Brown spots on your home's lawn are not only unsightly but when your grass isn't healthy, it may not be able to provide maximum environmental or enjoyment benefits. Fortunately, troubled lawns usually show symptoms as to what is ailing them, clues that can help diagnose the root of their problem so solutions toward good health can be developed. Let's explore what different brown spots on your lawn might be communicating. 

Dry Spots

Dry spots start as wilted bluish-gray grass on hot afternoons. They may first appear around trees and gradually turn yellow and then brown. If your lawn has been without water for a while, the soil is apt to be powder dry.

Inspection: Check the soil with a garden trowel or pocket knife. Compare the soil in the brown spot to soil where the grass is green and appears healthy. Check the depth of soil in the brown spot as sometimes a buried object right below the soil surface may be limiting moisture available to the lawn. Check your irrigation system. Turn the system on and stand on the brown spot. If you don’t get wet, an irrigation head may not be turning or a plant may be blocking the sprinklers or perhaps there isn’t enough overlap between sprinkler heads.

Possible Solution: Adjustments to your irrigation system or spot watering should solve this problem.

 Too Much Water

 Just as dryness can cause your lawn to be unhealthy, so can too much water, as overwatering can lead to root rot diseases. 

 Inspection: Healthy grass has very fibrous roots that are white. Rotting roots are brown and become mushy and soft. Often  these areas of saturated soil have a very strong musty odor like gym socks left in a bag too long.

Possible Solution: Usually allowing the soil to dry will solve the problem without the need for a disease control treatment.  If the  area is continually wet due to poor drainage, other corrective action such as drainage installation or landscape redesign, may be  the best solution.

 "Spot" May be Causing Spots

Dog urine contains salts that may cause brown, dead areas in grass.

Inspection: One indicator of lawn damage caused by dog urine is the presence of many brown spots in the area of the lawn that the dog normally uses. Since the urine also contains a slight amount of nitrogen nutrients, these brown spots may have dark green grass around the brown spot. The soil in these spots will have an ammonia smell.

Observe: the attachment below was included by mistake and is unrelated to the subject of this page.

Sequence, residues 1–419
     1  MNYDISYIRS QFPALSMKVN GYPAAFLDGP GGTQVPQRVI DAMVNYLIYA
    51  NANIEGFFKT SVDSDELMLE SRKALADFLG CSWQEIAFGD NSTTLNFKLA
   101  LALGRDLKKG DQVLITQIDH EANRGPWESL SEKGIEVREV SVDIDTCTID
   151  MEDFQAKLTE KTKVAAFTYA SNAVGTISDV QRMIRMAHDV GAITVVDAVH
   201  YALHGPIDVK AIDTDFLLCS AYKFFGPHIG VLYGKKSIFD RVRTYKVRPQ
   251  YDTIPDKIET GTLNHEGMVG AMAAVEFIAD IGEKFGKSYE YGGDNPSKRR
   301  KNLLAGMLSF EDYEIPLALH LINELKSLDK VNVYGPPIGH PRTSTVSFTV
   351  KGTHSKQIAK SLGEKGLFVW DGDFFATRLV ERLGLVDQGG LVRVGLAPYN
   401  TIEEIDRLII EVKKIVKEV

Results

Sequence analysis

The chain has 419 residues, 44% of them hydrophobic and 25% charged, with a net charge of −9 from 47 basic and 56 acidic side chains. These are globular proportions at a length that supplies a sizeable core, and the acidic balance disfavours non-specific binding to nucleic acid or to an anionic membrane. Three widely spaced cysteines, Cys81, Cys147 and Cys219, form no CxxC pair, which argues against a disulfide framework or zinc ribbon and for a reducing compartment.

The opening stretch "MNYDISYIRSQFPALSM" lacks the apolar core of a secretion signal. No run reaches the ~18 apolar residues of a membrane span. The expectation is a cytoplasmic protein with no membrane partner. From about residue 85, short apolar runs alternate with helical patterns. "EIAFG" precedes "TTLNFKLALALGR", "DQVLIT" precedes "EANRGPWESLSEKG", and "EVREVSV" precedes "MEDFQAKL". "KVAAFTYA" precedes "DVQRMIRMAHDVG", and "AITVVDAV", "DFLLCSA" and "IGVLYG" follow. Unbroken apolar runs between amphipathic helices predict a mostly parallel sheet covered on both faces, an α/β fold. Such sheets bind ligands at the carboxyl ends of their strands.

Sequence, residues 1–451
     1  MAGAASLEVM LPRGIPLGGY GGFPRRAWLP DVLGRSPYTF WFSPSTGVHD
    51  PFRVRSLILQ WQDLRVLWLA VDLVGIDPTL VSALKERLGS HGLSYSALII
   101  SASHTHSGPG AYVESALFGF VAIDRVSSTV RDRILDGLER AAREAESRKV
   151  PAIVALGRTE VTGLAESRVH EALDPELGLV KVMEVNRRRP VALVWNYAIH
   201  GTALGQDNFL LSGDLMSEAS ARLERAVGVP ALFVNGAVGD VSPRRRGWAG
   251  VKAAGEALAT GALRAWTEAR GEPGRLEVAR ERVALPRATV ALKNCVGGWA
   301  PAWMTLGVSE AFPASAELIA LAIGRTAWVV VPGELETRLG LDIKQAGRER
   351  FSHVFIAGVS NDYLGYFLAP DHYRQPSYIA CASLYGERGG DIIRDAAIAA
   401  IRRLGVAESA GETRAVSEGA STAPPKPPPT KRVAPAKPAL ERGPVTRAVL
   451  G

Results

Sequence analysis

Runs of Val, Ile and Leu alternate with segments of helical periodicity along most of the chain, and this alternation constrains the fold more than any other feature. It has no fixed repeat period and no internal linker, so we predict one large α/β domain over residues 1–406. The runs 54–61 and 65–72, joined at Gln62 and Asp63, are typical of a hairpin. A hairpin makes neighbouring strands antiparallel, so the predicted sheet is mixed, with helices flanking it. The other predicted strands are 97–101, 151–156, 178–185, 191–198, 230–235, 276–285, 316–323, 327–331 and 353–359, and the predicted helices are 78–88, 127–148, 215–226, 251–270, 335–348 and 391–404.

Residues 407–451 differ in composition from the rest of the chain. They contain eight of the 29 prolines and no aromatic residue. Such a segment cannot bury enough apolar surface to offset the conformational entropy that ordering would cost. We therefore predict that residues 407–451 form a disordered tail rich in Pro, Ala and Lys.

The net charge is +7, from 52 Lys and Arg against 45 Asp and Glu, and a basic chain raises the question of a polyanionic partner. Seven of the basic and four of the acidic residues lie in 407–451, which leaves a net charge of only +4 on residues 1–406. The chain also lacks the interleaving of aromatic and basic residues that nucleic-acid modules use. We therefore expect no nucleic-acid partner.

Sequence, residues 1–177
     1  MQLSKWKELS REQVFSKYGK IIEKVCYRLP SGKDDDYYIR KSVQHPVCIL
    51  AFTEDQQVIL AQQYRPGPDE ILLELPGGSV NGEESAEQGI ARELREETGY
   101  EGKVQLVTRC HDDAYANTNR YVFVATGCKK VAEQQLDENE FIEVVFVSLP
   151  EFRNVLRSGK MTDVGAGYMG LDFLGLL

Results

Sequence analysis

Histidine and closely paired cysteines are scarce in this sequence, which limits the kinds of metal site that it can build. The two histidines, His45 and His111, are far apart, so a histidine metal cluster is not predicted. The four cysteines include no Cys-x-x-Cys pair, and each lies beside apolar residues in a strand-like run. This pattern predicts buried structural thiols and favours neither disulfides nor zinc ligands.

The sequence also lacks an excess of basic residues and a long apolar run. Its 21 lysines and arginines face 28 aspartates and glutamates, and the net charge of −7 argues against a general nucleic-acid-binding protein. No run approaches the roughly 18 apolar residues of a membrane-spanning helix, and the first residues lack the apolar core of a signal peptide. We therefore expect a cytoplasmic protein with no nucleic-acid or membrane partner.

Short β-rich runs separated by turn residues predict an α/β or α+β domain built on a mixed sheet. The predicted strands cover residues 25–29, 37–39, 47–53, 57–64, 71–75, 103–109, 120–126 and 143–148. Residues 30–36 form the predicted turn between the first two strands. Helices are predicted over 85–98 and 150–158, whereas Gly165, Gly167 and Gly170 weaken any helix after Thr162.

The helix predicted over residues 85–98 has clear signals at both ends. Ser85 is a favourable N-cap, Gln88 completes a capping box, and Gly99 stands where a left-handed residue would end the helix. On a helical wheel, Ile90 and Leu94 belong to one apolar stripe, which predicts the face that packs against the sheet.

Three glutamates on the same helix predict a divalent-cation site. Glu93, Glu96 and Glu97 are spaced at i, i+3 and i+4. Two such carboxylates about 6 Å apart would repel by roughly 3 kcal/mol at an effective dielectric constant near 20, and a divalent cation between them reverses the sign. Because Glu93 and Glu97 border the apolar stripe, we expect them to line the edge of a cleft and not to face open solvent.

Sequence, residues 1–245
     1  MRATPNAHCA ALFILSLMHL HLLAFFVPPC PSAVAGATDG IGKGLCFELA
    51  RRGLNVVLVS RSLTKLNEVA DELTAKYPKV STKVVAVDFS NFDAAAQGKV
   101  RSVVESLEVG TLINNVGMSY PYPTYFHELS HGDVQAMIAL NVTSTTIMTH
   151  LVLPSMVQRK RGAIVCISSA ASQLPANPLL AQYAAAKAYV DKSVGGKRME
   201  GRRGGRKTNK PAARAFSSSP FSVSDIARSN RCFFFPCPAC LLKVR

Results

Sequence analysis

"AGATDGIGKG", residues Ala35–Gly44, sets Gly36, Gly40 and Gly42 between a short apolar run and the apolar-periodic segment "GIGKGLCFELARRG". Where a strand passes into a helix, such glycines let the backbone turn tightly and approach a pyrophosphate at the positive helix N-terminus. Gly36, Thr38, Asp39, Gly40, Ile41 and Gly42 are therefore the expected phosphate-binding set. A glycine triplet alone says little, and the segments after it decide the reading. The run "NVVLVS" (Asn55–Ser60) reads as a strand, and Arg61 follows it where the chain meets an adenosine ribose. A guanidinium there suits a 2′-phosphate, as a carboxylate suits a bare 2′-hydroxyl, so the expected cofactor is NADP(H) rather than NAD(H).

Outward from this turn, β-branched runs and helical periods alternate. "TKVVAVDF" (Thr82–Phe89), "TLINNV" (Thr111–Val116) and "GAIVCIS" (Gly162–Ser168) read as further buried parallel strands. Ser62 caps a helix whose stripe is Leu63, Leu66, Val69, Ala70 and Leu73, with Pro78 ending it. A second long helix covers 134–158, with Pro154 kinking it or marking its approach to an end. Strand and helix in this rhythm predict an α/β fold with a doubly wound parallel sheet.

Possible Solution: Additional watering in the pet's waste areas of the lawn will help.

 Lawn Mower Tracks

 Lawn mowers that are essential in the health of your lawn can also be guilty culprits in creating brown streaks in  the grass.

 Inspection: Drought stressed turf in hot summer weather is subject to traffic damage. When turf is wilting on a  hot  afternoon, the lawn mower wheels can crush grass blades causing them to turn brown.

 Possible Solution: The wheel tracks will green up when good soil moisture returns. If possible, mow at cooler times of the day or after the lawn has been watered.

 Insect Damage

 Damage from insects is very seasonal as lawn pests are often specific feeders, choosing  to feed on one grass species while ignoring others.

Inspection: Proper problem solving requires that you find the offending insect. Starting with the symptoms of the damage will help you know where to look for the insect and what it will look like. For instance, brown turf areas with no roots means you may have white grubs. If you have a bluegrass or St. Augustine lawn. a brown spot in the summer may be a symptom of chinch bug feeding. Brown spots with missing grass blades may mean armyworms are feasting upon your lawn.

Possible Solution: Different insects warrant different control solutions. Generally, once the pest is eliminated the lawn will return to good health.

Brown spots in your lawn are generally fairly easy to eliminate once the cause is identified and solution strategies are enacted. A lawn care expert can take the guesswork out of lawn damage and help your yard return to good health to benefit your family, your community and the environment


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